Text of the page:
martin.bach's picture

Learning Kubernetes: persistent storage with Minikube

As part of my talk at (the absolutely amazing) Riga Dev Days 2019 I deployed Oracle Restful Data Services (ORDS) in Minikube as my application’s endpoint. I’ll blog about deploying ORDS 19 in docker and running it on Kubernetes later, but before I can do so I want to briefly touch about persistent storage in Minikube because I saw it as a pre-requisite.

dbakevlar's picture

Linux Scripting, Part III

In the previous blog posts, we learned how to set up the first part of a standard shell script- how to interactively set variables, including how to pass them as part of the script execution. In this next step, we’ll use those to build out Azure resources. If you’re working on-premises, you can use this type of scripting with SQL Server 2019 Linux but will need to use CLI commands and SQLCMD. I will cover this in later posts, but honestly, the cloud makes deployment quicker for any business to get what they need deployed and with the amount of revenue riding on getting to market faster, this should be the first choice of any DBA with vision.

dbakevlar's picture

Remove Files with Force and Other Bad Ideas

Almost every Linux or Unix person has seen the help forum post from a novice looking for an answer to a frustrating problem and the arrogant fool that responds with “Just type in rm -rf / and it will fix the problem.” For anyone who is part of the “do no harm” technical community, this can make us wish for a way to revoke the arrogant fool’s privileges to the internet— permanently.

martin.bach's picture

Using the Secure External Password store with sqlcl

Sometimes it is necessary to invoke a SQL script in bash or otherwise in an unattended way. SQLcl has become my tool of choice because it’s really lightweight and can do a lot. If you haven’t worked with it yet, you really should give it a go.

dbakevlar's picture

PASS Summit 2019 Learning Pathways

Hello from Atlanta, where I’m preparing for tomorrow’s SQL Saturday and arrived for the great news announcing this year’s PASS Summit 2019 Learning Pathways.

These sessions are two or more sessions to provide a more complete learning opportunity for the attendee.  I’ll be part of two of these pathways:

dbakevlar's picture

Linux Scripting, Part II

In Part I, we started with some scripting basics, as in, how to write a script. This included the concepts of breaking a script into sections, (introduction, body and conclusion)

For Part II, we’ll start with the BASH script “introduction”.

The introduction in a BASH script should begin the same in all scripts.

  1. Set the shell to be used for the script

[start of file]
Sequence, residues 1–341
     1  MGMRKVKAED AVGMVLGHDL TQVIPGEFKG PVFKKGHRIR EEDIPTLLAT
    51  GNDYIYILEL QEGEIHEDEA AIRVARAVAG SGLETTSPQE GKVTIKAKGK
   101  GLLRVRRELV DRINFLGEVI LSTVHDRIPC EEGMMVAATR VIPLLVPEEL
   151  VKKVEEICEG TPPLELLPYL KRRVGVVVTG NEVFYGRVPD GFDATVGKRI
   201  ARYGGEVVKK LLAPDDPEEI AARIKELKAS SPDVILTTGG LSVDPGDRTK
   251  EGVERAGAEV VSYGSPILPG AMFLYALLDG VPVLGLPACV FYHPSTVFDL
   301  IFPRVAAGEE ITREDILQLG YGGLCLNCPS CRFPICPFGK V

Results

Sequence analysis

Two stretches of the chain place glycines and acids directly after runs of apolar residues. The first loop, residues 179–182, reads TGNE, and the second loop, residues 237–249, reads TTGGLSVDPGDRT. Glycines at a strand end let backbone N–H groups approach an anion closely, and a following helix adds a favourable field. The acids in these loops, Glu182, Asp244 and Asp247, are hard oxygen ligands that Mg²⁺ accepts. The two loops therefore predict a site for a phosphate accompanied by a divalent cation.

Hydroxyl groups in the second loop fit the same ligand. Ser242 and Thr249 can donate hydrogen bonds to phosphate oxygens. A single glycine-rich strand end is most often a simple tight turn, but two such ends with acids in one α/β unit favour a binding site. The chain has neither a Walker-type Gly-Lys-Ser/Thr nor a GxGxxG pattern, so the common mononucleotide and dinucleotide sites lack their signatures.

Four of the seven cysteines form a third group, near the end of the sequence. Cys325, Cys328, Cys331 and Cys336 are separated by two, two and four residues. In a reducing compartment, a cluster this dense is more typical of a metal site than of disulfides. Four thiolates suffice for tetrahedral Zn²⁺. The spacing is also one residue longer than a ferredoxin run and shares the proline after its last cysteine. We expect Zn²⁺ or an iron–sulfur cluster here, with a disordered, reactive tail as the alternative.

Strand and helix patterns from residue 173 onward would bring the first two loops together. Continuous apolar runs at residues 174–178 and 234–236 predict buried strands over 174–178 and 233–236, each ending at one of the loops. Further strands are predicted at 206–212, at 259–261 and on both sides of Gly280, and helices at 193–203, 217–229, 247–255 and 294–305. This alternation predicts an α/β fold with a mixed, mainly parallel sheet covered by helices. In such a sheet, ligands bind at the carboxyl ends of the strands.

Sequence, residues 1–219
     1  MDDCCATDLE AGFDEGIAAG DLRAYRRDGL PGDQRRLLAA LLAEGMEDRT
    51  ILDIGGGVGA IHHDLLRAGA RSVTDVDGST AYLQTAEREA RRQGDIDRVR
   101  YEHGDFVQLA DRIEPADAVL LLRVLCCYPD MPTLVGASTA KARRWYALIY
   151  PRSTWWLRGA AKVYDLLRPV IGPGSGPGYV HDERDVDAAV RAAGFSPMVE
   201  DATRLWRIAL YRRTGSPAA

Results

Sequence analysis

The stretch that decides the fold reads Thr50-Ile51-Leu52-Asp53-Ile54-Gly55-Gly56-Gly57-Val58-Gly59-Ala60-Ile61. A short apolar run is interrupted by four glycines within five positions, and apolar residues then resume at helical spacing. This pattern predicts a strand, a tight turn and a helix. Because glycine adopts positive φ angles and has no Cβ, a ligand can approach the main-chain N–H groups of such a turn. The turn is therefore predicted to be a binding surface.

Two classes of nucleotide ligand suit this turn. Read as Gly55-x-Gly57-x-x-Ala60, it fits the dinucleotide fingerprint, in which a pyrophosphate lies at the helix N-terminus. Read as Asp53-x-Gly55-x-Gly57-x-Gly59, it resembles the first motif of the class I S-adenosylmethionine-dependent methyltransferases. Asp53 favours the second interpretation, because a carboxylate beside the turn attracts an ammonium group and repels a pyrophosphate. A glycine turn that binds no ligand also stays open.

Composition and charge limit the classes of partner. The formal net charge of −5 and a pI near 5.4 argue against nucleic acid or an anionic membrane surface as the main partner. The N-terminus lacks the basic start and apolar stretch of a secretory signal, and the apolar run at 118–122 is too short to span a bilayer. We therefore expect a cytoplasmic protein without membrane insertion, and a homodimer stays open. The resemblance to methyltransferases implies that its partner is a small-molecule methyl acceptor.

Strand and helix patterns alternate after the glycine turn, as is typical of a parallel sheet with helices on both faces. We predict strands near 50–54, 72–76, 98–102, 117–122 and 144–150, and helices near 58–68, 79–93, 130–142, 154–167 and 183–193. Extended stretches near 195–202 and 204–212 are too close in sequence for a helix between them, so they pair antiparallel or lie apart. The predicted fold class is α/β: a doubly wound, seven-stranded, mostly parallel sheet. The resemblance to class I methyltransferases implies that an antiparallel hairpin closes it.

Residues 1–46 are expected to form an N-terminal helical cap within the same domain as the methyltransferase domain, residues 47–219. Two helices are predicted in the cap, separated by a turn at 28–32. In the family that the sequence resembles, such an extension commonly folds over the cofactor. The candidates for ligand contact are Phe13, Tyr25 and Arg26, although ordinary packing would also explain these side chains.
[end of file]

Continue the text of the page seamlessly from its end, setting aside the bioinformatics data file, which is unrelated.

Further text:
2. Set the response to failure on any steps, (exit or ignore)
  3. Add in a step for testing, but comment out or remove when in production

For our scripts, we’ll keep to the BASH format that is used by the template scripts, ensuring a repeatable and easy to identify introduction.

martin.bach's picture

Oracle Instant Client RPM installation where to find things

Last week I blogged about the option to install Oracle’s Instant Client via the public YUM repository. If you go ahead and try this, there is one thing you will undoubtedly notice: file locations are rather unusual if you have worked with Oracle for a while. This is true at least for the 19c Instant Client, it might be similar for older releases although I didn’t check. I’d like to thank @oraclebase for prompting me to write this short article!

Installing the 19.3 “Basic” Instant Client package

So to start this post I am going to install the 19.3 “Basic” package on my Oracle Linux 7.6 lab environment:

martin.bach's picture

Installing the Oracle Instant Client RPM via YUM on Oracle Linux 7

Many applications require Oracle’s instant client to enable connectivity with the database. In the past, getting hold of the instant client required you to agree to the license agreement before you could download the software. For a little while now, Oracle offers a YUM repository with the instant client RPMs. There are a couple of announcements to that effect, for example on Oracle’s Linux blog. It’s a great step ahead for usability, and I really appreciate the move. After a small exchange on Twitter I had to give this a go and see how this works. The following article is a summary of what I learned.

martin.bach's picture

Learning about Kubernetes: JDBC database connectivity to an Oracle database

In the past few months I have spent some time trying to better understand Kubernetes and how application developers can make use of it in the context of the Oracle database. In this post I’m sharing what I learned along that way. Please be careful: this is very much a moving target, and I wouldn’t call myself an expert in the field. If you find anything in this post that could be done differently/better, please let me know!

By the way, I am going to put something similar together where Oracle Restful Data Services (ORDS) will provide a different, more popular yet potentially more difficult-to-get-right connection method.

dbakevlar's picture

Not Just the How of AD with Linux VM/SQL 2019, but the WHY

Azure Directory is available with Linux SQL Server 2019 in Preview and as I was setting it up in my Azure environment on a Linux Red Hat 7.3 VM, I was, as many are, happy that they list the commands for the Azure CLI to set up authentication with Azure Directory, but was concerned, that with so many new to Linux, that they didn’t describe in the steps WHY we were running certain commands or setting best practices around Linux database server design.

The setup expects that you already have a Linux VM and SQL 2019 already up and running. The first step they go into is role assignment for the AD login, setting the AD login up as the VM Administrator.

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